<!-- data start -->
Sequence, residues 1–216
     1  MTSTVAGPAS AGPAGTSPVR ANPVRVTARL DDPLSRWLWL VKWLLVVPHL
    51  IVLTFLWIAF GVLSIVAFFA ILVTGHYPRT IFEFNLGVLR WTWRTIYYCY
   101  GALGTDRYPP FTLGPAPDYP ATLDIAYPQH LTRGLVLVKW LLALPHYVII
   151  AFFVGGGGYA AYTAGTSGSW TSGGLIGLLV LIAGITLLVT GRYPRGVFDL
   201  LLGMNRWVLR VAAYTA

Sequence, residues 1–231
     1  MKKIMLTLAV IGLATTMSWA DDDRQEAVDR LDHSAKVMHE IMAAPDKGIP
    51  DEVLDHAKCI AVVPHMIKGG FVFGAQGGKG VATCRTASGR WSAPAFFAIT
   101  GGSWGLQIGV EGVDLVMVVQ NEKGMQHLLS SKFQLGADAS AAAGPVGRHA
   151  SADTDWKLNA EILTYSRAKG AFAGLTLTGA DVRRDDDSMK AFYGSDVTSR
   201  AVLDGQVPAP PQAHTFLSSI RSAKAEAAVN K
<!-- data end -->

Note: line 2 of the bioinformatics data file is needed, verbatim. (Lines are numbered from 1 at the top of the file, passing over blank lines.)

     1  MTSTVAGPAS AGPAGTSPVR ANPVRVTARL DDPLSRWLWL VKWLLVVPHL